Without paper we do not have books and there is currently a global paper shortage. The price of paper is on the rise. In 2021, demand grew and supply sunk, and although experts predict a return to pre-pandemic rates in late 2022, new supply problems are adding to the sense of uncertainty. Manufacturers, wholesalers, marketing companies, and printers continue to experience difficulties securing materials and producing goods for a number of reasons. Industry experts agree that there has never been a shortage this big before. COVID-19 lockdowns and global supply chain issues have had a significant impact on the availability of paper products. As we emerged from the lockdown period, demand for printing paper and direct mail services increased faster than supply was able to meet. Today, the demand for paper is actually greater than pre-pandemic 2019 levels.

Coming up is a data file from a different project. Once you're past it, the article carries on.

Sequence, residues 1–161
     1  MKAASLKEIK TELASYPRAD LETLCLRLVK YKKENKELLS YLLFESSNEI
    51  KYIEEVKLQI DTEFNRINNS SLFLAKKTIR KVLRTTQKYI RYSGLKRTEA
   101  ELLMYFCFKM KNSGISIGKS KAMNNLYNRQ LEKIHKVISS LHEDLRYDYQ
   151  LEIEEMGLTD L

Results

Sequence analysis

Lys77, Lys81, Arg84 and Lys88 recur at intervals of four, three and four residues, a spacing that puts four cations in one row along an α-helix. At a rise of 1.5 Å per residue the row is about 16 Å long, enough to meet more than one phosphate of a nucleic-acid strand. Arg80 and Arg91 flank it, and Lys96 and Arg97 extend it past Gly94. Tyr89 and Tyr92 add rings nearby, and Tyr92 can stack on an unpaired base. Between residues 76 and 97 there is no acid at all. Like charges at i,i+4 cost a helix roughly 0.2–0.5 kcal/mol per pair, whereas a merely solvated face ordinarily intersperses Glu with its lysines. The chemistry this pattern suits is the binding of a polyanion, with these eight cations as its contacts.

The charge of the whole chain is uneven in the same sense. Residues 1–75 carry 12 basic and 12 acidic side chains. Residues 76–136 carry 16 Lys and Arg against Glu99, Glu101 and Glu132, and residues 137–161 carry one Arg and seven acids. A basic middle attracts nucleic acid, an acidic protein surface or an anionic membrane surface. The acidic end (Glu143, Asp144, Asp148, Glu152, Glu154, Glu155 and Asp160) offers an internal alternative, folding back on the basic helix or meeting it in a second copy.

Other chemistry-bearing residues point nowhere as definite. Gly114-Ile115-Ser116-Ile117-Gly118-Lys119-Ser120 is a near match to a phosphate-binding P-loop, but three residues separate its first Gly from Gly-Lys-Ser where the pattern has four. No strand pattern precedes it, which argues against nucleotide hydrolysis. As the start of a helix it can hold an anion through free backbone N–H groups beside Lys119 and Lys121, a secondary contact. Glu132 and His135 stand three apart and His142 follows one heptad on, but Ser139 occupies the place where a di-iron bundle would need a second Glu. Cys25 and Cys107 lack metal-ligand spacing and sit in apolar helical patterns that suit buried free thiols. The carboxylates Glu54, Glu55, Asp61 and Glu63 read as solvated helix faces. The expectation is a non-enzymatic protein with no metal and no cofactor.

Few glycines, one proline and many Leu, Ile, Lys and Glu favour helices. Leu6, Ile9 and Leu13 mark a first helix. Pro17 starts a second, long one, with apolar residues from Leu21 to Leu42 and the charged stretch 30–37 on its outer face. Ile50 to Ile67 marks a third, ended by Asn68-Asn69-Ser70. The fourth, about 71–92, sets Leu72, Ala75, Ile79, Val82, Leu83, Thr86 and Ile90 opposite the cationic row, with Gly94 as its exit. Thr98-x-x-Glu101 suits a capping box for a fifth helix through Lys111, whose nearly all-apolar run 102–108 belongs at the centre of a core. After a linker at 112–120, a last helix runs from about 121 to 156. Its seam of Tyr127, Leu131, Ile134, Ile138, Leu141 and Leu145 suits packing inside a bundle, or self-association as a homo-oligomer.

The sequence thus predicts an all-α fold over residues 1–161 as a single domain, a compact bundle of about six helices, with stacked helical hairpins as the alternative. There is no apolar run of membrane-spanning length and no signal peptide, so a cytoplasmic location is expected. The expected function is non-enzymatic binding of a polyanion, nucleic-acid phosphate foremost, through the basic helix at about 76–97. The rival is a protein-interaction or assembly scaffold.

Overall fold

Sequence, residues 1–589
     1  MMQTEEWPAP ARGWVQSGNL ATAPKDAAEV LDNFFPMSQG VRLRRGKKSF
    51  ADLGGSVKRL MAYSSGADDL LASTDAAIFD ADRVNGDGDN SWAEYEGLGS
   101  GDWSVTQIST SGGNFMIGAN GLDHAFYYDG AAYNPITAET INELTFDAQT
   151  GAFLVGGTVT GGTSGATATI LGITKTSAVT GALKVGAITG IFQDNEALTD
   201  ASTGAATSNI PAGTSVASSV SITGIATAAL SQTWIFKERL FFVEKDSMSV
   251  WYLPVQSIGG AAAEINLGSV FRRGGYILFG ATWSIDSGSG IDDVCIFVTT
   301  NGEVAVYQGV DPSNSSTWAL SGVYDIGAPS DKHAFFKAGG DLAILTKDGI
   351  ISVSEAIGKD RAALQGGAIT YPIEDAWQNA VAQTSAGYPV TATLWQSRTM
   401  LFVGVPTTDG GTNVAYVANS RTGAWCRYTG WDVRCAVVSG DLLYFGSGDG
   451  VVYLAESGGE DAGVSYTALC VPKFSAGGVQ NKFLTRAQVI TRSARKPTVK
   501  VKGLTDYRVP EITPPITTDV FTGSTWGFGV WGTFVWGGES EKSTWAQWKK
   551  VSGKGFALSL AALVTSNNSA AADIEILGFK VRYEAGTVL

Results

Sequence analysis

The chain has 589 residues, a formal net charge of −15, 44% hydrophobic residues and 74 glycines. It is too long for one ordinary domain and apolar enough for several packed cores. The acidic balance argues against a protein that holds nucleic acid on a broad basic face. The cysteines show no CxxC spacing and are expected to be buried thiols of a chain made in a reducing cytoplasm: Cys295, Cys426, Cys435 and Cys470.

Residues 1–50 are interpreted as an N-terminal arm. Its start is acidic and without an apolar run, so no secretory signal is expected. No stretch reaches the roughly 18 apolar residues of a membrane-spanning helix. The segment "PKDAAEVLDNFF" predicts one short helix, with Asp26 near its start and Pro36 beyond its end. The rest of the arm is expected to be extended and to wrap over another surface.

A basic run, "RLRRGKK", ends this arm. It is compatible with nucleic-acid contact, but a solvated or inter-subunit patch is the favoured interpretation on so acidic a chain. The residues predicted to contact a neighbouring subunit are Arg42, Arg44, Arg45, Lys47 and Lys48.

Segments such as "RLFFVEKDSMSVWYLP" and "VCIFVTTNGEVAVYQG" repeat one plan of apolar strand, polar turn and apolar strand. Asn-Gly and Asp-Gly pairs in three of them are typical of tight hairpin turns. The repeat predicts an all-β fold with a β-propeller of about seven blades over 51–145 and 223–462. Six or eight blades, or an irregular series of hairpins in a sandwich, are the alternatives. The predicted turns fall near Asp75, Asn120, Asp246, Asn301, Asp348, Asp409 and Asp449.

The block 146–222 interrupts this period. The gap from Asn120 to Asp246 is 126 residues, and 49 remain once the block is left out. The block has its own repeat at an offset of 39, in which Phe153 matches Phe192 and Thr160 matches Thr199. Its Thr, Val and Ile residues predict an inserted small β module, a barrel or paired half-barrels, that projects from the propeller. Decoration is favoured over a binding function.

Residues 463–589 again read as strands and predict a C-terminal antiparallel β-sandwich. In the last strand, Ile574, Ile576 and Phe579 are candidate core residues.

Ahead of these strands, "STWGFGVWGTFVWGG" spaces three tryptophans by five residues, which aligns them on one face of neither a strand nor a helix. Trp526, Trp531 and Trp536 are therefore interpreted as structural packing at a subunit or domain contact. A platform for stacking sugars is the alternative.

Prior to the COVID pandemic, several large domestic paper mills planned to convert to packaging material production, and during the pandemic, some navigated the shortage by switching from paper to packaging, producing cardboard, and other materials to cater to increased online shopping demands. Paper mill strikes in Finland also had an impact on the market, limiting the availability of lightweight and medium weight coated papers primarily used for magazine and catalogue production.

No one knows when the paper shortage will come to an end because the paper industry has truly never seen a shortage of this magnitude before.